If you think about it, outside of a few major events, you can’t plan your whole year with any certainty, so spend more effort on your near-term plans (the coming season) while maintaining a long-term strategy or the general direction of your path.
But you also can’t do the ‘LA thing’ and not commit to ANYTHING until you are certain nothing better is going to come along. Yes, that’s how we roll for the weekend, but when it comes to your personal life, maybe you deserve a little more priority. You should have some firm longer term plans as well.
So, something in between is the best option, not too far out but not to close in either. I feel another list coming on!
1. Plan one or two BIG things for the year.
No more than two. It could be a trip, it could be learning something new, maybe you want to learn to surf or teach yoga, but make it about you. These are not lifestyle things, these are a couple of big, self-serving, well deserving, all about YOU, commitments. And then make them happen. Plan everything else around them, you deserve that! And I don’t mean a new car, make it something meaningful and experiential. Something that is mentally, physically and/or spiritually enriching.
2. Plan your winter.
Going back to your list above, take the things that you want to let go of and the things that you want to add and let that be your winter. Make a plan that you can execute and get it done. Make time for rest, renewal, and preparation for the growth of spring. Winter is a great time for learning and to make lifestyle changes that will lay the foundation for things to come such as developing a personal care routine. It’s a great time to maintain and repair your body and your mind to get ready for the more active times of spring and summer.
3. Think ahead to spring and summer.
What might you add to your routine as you go through the year? How will the work you are doing in this season develop a routine that will serve you well as you continue to build through the year toward your goals? This is the part where you set a direction for your journey but recognize your plan isn’t fully implemented in January, you build into it and let it remain fluid until the season is at hand.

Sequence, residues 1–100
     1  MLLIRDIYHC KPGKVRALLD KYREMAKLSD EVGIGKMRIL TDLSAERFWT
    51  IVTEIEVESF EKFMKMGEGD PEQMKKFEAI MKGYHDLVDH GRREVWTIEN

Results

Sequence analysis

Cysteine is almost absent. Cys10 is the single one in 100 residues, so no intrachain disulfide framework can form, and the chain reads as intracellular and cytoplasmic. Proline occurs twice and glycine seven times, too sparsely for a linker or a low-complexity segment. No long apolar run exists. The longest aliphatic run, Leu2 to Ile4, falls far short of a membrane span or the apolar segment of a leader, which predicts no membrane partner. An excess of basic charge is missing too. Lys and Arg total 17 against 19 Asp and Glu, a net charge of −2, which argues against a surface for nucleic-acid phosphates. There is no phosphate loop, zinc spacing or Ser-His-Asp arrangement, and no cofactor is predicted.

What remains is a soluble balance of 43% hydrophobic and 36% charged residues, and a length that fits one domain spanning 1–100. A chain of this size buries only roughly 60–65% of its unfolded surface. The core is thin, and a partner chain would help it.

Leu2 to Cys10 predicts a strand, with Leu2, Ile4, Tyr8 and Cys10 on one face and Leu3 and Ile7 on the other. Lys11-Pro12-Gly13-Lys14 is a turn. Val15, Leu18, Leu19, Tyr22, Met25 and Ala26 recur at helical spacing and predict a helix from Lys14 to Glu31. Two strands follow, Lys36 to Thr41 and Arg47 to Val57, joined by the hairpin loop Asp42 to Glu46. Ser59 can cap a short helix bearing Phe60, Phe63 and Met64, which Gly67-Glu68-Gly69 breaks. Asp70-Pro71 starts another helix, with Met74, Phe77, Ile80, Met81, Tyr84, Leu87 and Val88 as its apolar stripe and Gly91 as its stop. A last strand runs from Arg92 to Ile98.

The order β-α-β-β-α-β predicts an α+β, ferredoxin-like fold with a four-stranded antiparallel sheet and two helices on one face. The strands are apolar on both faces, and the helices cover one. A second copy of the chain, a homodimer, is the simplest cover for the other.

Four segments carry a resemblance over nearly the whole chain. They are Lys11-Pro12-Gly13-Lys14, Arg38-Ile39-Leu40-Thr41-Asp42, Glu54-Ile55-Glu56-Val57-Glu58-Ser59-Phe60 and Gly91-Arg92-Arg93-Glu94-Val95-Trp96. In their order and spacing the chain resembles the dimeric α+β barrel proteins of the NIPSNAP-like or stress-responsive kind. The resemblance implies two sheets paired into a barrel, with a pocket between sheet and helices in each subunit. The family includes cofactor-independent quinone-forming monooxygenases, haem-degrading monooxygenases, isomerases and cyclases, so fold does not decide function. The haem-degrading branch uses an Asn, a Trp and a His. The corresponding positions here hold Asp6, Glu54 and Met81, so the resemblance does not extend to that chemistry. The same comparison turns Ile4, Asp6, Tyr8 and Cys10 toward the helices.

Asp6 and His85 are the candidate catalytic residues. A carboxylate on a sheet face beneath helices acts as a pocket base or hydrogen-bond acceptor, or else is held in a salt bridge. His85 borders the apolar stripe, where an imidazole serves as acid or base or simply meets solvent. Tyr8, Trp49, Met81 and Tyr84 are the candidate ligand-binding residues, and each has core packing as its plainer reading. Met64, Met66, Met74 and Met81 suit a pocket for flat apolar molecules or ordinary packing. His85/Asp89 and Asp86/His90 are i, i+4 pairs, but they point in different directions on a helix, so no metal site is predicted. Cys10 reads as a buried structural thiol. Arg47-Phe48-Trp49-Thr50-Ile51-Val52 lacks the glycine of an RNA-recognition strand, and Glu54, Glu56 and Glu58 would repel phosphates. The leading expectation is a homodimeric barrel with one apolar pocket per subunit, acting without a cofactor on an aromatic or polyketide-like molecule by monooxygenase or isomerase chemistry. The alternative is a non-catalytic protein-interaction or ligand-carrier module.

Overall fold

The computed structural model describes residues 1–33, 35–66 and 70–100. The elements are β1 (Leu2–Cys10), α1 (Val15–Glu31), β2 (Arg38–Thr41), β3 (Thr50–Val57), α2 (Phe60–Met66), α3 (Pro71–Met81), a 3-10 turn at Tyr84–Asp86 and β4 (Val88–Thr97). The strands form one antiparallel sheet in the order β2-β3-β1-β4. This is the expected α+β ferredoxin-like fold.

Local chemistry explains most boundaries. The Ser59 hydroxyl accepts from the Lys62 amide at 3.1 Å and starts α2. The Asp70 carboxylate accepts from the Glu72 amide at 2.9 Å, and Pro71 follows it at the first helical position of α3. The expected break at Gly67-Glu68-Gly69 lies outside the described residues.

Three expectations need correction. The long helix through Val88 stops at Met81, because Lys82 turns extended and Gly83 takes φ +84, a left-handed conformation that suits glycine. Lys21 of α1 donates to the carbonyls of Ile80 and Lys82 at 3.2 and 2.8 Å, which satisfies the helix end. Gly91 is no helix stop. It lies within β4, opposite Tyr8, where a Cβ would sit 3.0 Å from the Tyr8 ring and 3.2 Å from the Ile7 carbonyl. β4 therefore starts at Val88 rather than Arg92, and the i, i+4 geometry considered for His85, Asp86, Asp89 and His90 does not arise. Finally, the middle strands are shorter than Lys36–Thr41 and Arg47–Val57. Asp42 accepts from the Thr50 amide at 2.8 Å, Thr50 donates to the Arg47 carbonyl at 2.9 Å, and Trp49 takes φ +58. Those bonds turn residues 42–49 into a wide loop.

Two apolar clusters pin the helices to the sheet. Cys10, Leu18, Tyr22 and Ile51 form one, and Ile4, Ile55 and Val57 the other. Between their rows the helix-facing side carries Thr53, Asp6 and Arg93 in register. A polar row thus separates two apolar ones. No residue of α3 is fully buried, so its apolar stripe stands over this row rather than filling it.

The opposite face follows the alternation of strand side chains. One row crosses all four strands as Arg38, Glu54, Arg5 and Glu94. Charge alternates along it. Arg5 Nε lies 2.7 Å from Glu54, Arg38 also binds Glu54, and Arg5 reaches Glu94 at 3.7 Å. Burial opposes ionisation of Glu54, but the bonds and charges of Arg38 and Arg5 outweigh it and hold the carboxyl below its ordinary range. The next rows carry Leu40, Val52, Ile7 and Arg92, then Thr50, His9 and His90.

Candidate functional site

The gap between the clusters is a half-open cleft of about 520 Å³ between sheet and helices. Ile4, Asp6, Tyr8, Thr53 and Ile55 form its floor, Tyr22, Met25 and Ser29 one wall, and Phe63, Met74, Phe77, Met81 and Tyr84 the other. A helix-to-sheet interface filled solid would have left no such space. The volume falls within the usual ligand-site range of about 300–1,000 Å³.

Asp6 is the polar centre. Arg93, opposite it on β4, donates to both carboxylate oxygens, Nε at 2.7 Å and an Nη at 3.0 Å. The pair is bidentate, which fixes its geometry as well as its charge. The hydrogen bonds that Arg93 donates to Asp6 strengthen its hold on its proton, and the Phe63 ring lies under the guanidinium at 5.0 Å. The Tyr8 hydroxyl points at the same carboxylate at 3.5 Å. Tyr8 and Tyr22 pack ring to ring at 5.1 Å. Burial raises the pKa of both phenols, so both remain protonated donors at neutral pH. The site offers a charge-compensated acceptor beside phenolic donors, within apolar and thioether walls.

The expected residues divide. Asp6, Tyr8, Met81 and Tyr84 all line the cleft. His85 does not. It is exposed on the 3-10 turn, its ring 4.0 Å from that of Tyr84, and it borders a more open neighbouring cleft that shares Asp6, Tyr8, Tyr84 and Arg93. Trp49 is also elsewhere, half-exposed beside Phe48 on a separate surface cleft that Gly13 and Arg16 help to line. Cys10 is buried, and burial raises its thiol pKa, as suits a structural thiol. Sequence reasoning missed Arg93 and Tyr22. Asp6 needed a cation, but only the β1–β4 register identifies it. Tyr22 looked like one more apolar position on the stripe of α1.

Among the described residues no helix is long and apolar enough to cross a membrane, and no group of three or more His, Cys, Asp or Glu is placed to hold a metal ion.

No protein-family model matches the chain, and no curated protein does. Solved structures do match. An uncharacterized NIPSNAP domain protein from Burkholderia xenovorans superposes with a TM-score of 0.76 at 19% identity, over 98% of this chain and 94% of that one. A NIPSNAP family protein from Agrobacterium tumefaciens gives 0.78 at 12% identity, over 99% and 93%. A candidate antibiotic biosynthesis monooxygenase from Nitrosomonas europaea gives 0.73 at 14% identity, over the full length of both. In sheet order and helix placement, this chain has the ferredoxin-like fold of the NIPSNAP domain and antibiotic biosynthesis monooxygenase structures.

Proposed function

Now put down your pen and go do your thing. Let all of this sort of move around in the background and begin to take hold.
Revisit this simple plan and edit it until what is on paper feels right in your body. Imagine the execution in detail growing in intensity as you build on winter’s foundation into spring and ultimately reach your destination. With each progression in your mind, you can feel what the change will be like in your body and imagine yourself ready to meet the moment each step of the way. If it feels stressful when you visualize it, then dial it back until it feels manageable. This small exercise will really help galvanize your resolve and motivate you to see the importance of each small step to reaching your goal.
Now you are ready to pick a point and start. You are ready to show up and take the first step into a new year of transformation that will unfold with the comfortable rhythm and pace of your journey.
Yoga is an amazing practice, it’s a science and the only thing required is to show up and do the work. It doesn’t matter where you are coming from or what condition you are in, the practice meets you where you are and takes you on a journey, at your pace, to your goal. So, for this season, take a moment of contemplation, set reasonable expectations that align with where you are starting, and then show up for yourself.
I hope you get some good ideas from this simple planning exercise. I am excited to see what this new year brings for everyone.
See you on your mat!